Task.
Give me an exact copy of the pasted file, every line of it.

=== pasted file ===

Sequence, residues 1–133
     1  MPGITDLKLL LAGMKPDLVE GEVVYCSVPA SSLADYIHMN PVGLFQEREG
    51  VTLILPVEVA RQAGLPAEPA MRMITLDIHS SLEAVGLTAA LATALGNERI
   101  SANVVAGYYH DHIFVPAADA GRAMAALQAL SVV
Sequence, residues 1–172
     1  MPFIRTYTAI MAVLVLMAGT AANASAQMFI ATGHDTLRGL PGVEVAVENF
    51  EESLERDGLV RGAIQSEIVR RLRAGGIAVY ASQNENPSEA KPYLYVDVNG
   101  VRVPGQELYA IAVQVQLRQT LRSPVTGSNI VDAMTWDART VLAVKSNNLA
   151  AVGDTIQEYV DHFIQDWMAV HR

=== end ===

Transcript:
Sequence, residues 1–133
     1  MPGITDLKLL LAGMKPDLVE GEVVYCSVPA SSLADYIHMN PVGLFQEREG
    51  VTLILPVEVA RQAGLPAEPA MRMITLDIHS SLEAVGLTAA LATALGNERI
   101  SANVVAGYYH DHIFVPAADA GRAMAALQAL SVV
Sequence, residues 1–172
     1  MPFIRTYTAI MAVLVLMAGT AANASAQMFI ATGHDTLRGL PGVEVAVENF
    51  EESLERDGLV RGAIQSEIVR RLRAGGIAVY ASQNENPSEA KPYLYVDVNG
   101  VRVPGQELYA IAVQVQLRQT LRSPVTGSNI VDAMTWDART VLAVKSNNLA
   151  AVGDTIQEYV DHFIQDWMAV HR